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Beta Capricorni B - HD193452 - HIP100325

Beta Capricorni B is a blue subgiant star that can be located in the constellation of Capricornus. The star can be seen with the naked eye, that is, you don't need a telescope/binoculars to see it.

Beta Capricorni B is the Bayer Classification for the star. HIP100325 is the reference name for the star in the Hipparcos Star Catalogue. The Id of the star in the Henry Draper catalogue is HD193452. Beta Capricorni B is a multiple star system with 2 stars orbiting in its solar system.

Location of Beta Capricorni B

The location of the star in the galaxy is determined by the Right Ascension (R.A.) and Declination (Dec.), these are equivalent to the Longitude and Latitude on the Earth. The Right Ascension is how far expressed in time (hh:mm:ss) the star is along the celestial equator. If the R.A. is positive then its eastwards. The Declination is how far north or south the star is compared to the celestial equator and is expressed in degrees. For Beta Capricorni B, the location is 20h 20m 46.52 and -14d47`05.6 .

Proper Motion of Beta Capricorni B

All stars like planets orbit round a central spot, in the case of planets, its the central star such as the Sun. In the case of a star, its the galactic centre. The constellations that we see today will be different than they were 50,000 years ago or 50,000 years from now. Proper Motion details the movements of these stars and are measured in milliarcseconds. The star is moving -1.66 ± 0.49 miliarcseconds/year towards the north and 44.06 ± 0.90 miliarcseconds/year east if we saw them in the horizon.

Physical Properties (Colour, Temperature, Radius) of Beta Capricorni B

Beta Capricorni B has a spectral type of B9.5III/IV. This means the star is a blue subgiant star. The star is 7320.00000000 Parsecs from the Galactic Centre or terms of Light Years is 23875.1567808000000000s. The star has a B-V Colour Index of -0.01 which means the star's temperature has been calculated using information from Morgans @ Uni.edu at being 9,679 Kelvin.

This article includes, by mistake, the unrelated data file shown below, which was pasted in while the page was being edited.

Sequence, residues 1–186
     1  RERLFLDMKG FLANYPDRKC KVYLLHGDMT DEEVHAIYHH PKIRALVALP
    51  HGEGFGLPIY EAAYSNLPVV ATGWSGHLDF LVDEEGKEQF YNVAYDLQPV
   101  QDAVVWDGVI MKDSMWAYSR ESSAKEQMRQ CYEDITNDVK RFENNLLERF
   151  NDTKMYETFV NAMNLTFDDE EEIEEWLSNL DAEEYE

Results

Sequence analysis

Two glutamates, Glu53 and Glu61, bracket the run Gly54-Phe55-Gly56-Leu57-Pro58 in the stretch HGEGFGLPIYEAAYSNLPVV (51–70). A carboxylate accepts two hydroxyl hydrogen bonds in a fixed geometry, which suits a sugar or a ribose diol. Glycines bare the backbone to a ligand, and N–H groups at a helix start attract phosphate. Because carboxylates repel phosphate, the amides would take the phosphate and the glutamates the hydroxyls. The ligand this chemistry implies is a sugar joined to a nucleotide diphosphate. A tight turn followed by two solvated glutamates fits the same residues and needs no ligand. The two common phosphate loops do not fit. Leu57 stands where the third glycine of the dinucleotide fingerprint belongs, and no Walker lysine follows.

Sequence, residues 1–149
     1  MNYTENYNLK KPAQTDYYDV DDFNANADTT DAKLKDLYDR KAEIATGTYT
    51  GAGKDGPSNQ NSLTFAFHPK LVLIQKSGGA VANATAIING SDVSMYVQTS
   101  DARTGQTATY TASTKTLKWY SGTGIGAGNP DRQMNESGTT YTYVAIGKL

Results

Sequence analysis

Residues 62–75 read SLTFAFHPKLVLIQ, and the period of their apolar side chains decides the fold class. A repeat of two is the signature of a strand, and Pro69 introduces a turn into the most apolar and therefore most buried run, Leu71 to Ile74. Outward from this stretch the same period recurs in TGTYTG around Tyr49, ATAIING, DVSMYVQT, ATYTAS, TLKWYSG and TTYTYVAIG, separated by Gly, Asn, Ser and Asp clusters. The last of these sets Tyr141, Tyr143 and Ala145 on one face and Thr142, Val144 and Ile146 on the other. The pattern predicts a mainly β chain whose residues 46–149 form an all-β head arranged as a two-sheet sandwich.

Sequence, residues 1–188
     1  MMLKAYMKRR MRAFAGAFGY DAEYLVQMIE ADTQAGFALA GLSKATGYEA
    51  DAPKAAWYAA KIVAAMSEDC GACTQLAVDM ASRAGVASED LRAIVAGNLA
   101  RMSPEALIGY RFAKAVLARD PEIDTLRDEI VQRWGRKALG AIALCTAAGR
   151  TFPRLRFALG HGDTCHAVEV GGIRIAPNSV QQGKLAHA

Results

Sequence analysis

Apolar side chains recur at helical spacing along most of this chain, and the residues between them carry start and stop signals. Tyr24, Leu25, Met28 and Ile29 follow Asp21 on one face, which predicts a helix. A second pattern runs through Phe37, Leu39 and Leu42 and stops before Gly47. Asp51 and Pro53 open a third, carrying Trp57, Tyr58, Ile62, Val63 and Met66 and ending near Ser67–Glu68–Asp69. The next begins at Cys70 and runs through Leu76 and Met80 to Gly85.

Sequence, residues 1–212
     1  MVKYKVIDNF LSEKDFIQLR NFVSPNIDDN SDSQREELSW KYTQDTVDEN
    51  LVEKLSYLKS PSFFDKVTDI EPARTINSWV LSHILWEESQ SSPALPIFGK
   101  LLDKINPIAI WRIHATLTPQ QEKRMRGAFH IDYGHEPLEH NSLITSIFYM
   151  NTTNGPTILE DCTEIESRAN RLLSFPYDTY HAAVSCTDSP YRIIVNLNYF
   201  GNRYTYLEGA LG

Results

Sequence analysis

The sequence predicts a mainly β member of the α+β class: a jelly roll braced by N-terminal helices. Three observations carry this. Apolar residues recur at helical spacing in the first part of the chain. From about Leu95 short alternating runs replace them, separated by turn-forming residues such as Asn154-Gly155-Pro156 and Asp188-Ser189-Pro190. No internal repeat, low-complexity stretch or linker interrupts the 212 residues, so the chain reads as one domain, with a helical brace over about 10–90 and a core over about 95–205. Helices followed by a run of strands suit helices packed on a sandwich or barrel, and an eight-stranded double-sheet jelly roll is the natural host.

Beta Capricorni B Radius has been calculated as being 1.93 times bigger than the Sun.The Sun's radius is 695,800km, therefore the star's radius is an estimated 1,341,884.90.km. However with the 2007 release of updated Hipparcos files, the radius is now calculated at being round 2.10. The figure is derived at by using the formula from SDSS and has been known to produce widely incorrect figures. The star's Iron Abundance is 0.38 with an error value of 9.99 Fe/H with the Sun has a value of 1 to put it into context.

The star has a companion star which is in orbit close by, it has at least the following companions in close orbit, Dabih.

Beta Capricorni B Apparent and Absolute Magnitudes

Beta Capricorni B has an apparent magnitude of 6.09 which is how bright we see the star from Earth. Apparent Magnitude is also known as Visual Magnitude. If you used the 1997 Parallax value, you would get an absolute magnitude of 1.18 If you used the 2007 Parallax value, you would get an absolute magnitude of 1.00. Magnitude, whether it be apparent/visual or absolute magnitude is measured by a number, the smaller the number, the brighter the Star is. Our own Sun is the brightest star and therefore has the lowest of all magnitudes, -26.74. A faint star will have a high number.